Contractors across the country should prepare to be inundated by paperwork as a result to the documentation requirements of the U.S. Environmental Protection Agency’s recently enacted “Renovation, Repair and Painting Rule.” More commonly known as the “lead safe” rule, the new regulations are designed to protect workers and residents of older building from dangerous exposure to lead during renovations. But their effect on contractors will result in time-consuming paperwork and documentation, according to Chris Zorzy, president of LeadSafe Video Solutions Inc., a Salem, Mass.-based contractor training company.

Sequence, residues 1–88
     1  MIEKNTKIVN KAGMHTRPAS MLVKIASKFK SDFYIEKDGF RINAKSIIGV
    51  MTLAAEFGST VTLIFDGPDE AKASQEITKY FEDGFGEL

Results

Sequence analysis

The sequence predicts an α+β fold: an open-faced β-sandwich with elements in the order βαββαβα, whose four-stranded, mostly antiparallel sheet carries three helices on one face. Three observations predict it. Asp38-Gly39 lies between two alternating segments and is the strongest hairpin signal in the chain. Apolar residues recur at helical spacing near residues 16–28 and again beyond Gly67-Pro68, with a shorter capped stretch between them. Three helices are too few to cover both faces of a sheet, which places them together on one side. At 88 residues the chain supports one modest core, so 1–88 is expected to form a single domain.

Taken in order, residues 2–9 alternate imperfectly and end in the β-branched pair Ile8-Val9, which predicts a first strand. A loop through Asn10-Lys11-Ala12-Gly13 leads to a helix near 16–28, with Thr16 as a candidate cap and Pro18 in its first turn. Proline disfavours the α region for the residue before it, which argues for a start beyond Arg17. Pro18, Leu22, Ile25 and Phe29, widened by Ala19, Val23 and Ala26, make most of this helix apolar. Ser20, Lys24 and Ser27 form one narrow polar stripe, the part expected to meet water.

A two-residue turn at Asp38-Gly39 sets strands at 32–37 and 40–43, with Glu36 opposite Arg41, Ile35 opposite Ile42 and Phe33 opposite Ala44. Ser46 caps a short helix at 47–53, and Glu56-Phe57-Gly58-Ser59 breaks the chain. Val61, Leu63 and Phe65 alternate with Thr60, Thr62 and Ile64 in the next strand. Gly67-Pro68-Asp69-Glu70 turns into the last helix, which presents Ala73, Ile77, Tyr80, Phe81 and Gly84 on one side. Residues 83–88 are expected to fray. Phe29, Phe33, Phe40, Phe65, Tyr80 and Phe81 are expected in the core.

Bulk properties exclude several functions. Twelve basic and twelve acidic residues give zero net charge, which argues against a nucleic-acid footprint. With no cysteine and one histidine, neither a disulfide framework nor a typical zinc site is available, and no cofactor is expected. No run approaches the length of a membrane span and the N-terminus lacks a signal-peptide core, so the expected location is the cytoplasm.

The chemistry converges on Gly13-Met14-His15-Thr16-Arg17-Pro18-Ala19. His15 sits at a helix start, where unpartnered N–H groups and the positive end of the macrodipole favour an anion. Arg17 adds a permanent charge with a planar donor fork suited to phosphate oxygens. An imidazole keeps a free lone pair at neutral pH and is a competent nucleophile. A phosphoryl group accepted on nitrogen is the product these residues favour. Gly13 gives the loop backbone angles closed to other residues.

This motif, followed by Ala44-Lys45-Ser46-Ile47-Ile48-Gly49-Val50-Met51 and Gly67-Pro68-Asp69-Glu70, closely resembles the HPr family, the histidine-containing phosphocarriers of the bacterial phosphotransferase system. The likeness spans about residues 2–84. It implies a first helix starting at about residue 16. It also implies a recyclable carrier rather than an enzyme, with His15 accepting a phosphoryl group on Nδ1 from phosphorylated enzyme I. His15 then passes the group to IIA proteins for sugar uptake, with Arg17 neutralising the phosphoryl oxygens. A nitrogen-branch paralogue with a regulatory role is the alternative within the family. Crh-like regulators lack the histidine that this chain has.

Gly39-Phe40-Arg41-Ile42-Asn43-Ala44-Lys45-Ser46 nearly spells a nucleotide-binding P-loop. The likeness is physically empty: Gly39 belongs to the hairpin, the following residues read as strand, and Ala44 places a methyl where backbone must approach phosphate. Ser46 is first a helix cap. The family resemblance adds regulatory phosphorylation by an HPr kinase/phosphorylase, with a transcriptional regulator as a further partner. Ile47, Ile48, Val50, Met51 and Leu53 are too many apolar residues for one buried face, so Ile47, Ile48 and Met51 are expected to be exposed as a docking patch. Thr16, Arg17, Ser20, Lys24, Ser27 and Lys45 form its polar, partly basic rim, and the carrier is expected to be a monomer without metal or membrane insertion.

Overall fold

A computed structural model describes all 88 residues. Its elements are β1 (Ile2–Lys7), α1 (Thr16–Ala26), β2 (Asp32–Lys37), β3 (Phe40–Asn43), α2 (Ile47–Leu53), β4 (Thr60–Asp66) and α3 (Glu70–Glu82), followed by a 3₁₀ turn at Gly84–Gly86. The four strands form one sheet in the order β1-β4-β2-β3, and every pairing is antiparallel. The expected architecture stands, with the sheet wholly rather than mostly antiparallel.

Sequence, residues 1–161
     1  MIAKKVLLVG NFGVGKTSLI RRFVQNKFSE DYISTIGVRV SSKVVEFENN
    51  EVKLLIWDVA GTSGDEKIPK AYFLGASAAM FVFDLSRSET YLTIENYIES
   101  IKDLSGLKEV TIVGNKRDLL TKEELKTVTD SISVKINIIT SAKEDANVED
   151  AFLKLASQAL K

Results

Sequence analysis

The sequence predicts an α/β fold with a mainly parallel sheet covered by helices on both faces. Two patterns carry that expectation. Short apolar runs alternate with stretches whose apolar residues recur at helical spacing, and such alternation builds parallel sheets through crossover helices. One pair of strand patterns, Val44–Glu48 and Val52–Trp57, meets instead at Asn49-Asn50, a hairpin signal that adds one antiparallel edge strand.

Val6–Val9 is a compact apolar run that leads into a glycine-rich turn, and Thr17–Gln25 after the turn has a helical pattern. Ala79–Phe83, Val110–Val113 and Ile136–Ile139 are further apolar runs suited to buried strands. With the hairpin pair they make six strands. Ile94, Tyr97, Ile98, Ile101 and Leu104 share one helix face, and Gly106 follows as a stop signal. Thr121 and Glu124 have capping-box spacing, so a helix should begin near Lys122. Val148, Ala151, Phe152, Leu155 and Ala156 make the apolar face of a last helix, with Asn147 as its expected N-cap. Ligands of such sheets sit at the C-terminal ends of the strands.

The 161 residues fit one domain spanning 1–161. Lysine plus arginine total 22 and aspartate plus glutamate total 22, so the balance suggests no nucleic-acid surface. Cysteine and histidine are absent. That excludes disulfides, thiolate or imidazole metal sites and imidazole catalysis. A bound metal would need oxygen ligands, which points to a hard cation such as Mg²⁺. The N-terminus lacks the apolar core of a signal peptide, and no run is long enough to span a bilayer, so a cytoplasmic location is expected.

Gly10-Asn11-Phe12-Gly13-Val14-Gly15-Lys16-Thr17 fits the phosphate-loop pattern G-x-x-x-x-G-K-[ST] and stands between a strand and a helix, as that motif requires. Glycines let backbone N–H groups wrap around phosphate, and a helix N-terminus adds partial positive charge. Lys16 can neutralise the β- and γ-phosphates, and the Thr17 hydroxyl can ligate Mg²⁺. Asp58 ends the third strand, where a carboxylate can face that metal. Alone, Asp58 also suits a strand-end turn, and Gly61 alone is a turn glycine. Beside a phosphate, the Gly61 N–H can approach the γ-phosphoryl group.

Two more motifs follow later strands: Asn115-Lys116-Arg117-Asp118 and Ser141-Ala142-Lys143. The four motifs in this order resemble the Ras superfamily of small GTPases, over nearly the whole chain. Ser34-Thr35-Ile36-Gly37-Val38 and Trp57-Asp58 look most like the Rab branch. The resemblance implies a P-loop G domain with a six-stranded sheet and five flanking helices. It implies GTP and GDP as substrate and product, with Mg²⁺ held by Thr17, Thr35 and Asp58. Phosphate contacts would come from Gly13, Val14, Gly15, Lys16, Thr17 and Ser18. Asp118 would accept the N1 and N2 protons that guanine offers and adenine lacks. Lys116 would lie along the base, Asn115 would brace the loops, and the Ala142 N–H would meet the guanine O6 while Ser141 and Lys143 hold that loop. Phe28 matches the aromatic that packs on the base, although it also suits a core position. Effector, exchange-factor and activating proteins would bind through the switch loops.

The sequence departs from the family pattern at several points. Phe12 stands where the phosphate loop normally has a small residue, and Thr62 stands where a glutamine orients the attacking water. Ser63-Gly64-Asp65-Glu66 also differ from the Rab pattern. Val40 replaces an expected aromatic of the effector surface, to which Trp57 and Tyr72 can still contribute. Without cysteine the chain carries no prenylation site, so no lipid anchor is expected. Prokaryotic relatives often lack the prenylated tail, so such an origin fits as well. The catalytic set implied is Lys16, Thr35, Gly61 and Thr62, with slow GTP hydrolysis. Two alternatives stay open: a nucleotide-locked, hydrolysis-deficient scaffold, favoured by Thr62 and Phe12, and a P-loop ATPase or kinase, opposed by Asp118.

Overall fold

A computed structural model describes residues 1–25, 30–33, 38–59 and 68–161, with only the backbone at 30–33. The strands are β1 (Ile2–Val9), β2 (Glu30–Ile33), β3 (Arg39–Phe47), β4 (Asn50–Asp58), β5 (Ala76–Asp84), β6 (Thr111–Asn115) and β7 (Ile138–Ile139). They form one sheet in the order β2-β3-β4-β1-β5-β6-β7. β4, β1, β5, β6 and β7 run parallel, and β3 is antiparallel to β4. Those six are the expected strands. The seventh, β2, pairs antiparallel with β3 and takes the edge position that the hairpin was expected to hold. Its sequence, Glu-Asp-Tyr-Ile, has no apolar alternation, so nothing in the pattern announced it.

The EPA has developed multiple forms, logs and checklists to make sure all parts of the regulations are being scrupulously followed. This pile of paperwork includes pre-renovation forms, lead check test kit documentation form, record of tenant notification form, participant progress log and a renovation recordkeeping checklist to keep track of all the other forms that must be filled out and submitted to the EPA.

“Although tedious to complete, all this documentation is actually a good thing for contractors,” said Chris Zorzy. “Maintaining a paper traill that clearly demonstrates you are taking the proper steps in the process can help protect a contractor against claims and disputes that otherwise might result in fines and penalties.”